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Chemo Brain May Last 5 Years or More
nytimes.com - 5-9-11
"Chemo brain," the foggy thinking and forgetfulness that cancer patients often complain about after treatment, may last for five years or more for a sizable percentage of patients, new research shows.
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Research Uncovers Raised Rate of Autism
nytimes.com - 5-9-11
An ambitious six-year effort to gauge the rate of childhood autism in a middle-class South Korean city has yielded a figure that stunned experts and is likely to influence the way the disorder's prevalence is measured around the world, scientists reported on Monday.
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Allergies to keep getting worse. Learn to cope
msnbc.msn.com - 5-9-11
The 2011 spring allergy season is shaping up to be a miserable one, with pollen levels reaching record highs, thanks to heavy winter snows, early spring rains, and an early spring warm-up. Sound familiar? Just a year ago, the 2010 allergy season was the "worst on record" for many of the same reasons. So should we expect each spring allergy season to be worse than the last, in an eternal one-upmanship that sends us running for the tissue box or the asthma inhaler?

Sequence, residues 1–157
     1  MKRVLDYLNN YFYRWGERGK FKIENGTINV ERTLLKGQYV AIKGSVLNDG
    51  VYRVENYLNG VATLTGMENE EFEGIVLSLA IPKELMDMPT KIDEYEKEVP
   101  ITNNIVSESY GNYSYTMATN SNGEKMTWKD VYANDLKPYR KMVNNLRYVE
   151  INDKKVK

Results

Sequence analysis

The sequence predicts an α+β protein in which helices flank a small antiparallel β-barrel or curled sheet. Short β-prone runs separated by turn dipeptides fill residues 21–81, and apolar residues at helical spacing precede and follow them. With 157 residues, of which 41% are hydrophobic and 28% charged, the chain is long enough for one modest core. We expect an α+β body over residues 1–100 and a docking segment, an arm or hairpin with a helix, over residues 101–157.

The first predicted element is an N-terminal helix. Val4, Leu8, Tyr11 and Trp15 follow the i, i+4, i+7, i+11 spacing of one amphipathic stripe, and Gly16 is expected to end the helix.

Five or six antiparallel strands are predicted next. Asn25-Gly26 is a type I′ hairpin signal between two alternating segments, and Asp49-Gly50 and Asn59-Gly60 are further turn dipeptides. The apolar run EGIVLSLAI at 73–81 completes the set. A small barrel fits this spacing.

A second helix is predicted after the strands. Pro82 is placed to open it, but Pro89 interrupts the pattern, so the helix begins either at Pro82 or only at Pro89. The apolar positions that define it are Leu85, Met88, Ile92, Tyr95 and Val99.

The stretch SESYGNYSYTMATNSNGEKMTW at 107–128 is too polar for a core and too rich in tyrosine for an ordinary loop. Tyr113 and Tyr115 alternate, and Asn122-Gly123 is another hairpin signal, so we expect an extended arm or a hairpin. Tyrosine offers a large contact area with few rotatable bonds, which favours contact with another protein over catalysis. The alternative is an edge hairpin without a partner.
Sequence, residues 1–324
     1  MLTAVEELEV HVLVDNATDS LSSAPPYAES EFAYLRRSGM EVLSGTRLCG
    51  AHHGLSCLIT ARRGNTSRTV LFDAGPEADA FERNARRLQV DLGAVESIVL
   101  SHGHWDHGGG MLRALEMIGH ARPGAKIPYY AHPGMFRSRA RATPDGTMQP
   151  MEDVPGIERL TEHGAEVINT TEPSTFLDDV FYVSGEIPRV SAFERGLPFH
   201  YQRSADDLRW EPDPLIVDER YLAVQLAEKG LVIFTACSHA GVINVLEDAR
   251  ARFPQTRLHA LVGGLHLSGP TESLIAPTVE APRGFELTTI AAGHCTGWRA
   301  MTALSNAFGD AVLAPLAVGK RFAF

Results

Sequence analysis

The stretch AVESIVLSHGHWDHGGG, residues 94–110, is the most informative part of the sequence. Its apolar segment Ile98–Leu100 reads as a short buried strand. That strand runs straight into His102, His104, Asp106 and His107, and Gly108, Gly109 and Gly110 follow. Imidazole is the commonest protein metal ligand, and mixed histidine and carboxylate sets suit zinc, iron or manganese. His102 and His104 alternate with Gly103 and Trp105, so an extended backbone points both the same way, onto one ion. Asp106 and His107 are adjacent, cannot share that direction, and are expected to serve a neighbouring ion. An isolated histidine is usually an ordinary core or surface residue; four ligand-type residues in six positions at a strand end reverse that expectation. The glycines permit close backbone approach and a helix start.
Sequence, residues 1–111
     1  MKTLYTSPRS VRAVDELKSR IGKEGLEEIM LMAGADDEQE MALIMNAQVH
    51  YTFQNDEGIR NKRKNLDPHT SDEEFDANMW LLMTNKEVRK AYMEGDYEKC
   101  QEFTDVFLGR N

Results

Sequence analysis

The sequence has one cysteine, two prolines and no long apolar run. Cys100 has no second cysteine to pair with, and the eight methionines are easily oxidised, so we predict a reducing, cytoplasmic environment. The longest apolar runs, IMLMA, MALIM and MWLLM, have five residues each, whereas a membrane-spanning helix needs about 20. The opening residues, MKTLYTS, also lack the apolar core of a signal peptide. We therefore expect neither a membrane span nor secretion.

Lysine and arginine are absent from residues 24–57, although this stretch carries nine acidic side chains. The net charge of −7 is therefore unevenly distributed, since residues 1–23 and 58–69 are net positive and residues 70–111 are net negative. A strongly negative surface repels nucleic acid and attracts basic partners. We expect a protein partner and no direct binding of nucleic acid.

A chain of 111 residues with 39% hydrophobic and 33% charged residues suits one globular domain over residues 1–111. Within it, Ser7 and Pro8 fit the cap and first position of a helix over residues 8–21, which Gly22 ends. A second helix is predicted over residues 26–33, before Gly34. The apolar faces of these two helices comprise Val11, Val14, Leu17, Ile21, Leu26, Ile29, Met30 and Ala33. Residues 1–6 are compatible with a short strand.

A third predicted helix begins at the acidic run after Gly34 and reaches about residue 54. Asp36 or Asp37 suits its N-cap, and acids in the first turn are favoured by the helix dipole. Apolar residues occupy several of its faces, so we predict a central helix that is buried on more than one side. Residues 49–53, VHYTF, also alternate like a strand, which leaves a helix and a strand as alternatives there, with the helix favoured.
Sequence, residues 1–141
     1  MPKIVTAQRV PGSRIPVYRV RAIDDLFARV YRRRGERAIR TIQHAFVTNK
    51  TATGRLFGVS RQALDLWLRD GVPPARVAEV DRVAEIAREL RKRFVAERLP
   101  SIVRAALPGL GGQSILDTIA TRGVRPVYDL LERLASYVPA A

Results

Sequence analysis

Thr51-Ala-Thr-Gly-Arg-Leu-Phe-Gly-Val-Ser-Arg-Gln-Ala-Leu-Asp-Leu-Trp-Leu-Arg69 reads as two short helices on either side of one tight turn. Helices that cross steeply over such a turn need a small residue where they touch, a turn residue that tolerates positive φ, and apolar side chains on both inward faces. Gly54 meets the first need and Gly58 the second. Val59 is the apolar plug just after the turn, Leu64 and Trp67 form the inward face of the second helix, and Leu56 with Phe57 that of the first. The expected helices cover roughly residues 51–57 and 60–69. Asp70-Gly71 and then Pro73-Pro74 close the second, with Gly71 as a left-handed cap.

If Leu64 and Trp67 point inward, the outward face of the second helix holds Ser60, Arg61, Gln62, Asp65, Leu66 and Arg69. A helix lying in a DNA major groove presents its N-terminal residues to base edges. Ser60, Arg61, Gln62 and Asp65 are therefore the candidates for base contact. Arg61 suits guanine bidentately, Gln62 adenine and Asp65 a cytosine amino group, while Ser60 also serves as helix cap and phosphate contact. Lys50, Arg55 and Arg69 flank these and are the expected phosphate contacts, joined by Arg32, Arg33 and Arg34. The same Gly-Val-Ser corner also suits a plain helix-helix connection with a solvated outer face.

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Gay men 'report higher cancer rate than straight men'
bbc.co.uk - 5-9-11
Homosexual men are more likely to have had cancer than heterosexual men, as US study has suggested.
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Even a Little Exercise May Protect Against Colon Polyps
healthday.com - 5-9-11